Review of THE ORC KING by R. A. Salvatore
Wizards of the Coast, September 2007
The orc king Obould, has been slowed, but now he seems to have adopted other tactics. Is he waiting, hoping to lull the dwarves, humans and elves to complacency, or does he really envision a world where orcs can live as other sentient beings, existing in their own kingdom, ruled by members of their own race, and trading with, rather than raiding their traditional enemies? Of course, even if Obould does want peace, that doesn't mean he'll get it. Many within the elf, and especially dwarf kingdoms steam for revenge. And more and more orcs, emerging from dark caves where they've long hidden, want war no matter what their king may claim.
Dark Elf Drizzt Do'Urden sees the potential for peace, but he sees its costs as well. With both orc and dwarf crying for war, and with virtually nobody trusting a drow, it doesn't seem likely he'll have any say over the future--especially when his own wife is one of the loudest in calling for revenge.
Author R. A. Salvatore (see more BooksForABuck.com reviews of novels by Salvatore) spins his continuing fantasy series in a direction that's been foreshadowed in the past few novels, but that nevertheless offers an exciting change in pace. Rather than seeing orcs as convenient fodder for more beautiful heroes, Salvatore conceives them as sapient entities, driven by the same motives that drive all other sapients. Obould represents a possible new direction, but Salvatore is careful to give us hints that there was a time before, in the forgotten past, where orcs and dwarves worked together. Was that time undone by treason, or could it come again? Those of us who have been calling for something a bit more thoughtful than the usual mindless killing will certainly welcome this direction.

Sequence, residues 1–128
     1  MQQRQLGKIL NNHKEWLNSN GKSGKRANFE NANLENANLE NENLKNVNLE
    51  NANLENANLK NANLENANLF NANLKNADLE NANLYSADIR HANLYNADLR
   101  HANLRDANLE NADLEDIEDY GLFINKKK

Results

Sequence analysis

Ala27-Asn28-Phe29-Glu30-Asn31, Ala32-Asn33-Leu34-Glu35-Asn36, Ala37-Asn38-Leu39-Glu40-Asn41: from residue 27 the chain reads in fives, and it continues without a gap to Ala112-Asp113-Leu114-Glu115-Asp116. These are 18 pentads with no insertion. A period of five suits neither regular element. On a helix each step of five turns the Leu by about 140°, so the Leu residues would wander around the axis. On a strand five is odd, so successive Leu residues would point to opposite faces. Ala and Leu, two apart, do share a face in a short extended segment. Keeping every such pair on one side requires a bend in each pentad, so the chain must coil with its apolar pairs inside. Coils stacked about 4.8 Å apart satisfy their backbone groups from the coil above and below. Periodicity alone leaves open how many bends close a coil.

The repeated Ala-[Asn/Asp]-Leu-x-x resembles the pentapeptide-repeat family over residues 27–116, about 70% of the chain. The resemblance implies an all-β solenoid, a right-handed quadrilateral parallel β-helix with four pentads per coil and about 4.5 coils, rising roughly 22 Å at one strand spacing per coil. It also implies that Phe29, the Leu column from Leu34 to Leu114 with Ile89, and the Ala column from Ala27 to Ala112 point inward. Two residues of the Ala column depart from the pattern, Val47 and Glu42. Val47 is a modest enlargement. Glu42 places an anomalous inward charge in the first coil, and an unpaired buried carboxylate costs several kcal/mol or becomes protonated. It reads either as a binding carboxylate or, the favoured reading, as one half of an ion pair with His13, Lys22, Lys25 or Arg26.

Although THE ORC KING is about the potential for peace, Salvatore gives us plenty of violence and individual heroics to keep us turning the pages. Epic battles between Drizzt and fellow Drow Tos'un, between Drizzt and Jack the Gnome, between the dwarf-king and the orc chieftain, and many others are intricately choreographed and exciting.
Although Salvatore is writing epic fantasy, it's hard not to see how his story is influenced by the destructive forces of war in our own world. The hope for peace, not with those we love but those we itch to battle with, is the great challenge of the day. Salvatore suggests that easy answers may not exist, but that there is room to hope. I certainly hope he's right.
Too generous? Too stingy. Or did I miss the whole point? Send your comments to firstname.lastname@example.org. I'll publish the best letters I get so let me know if I can use your name.
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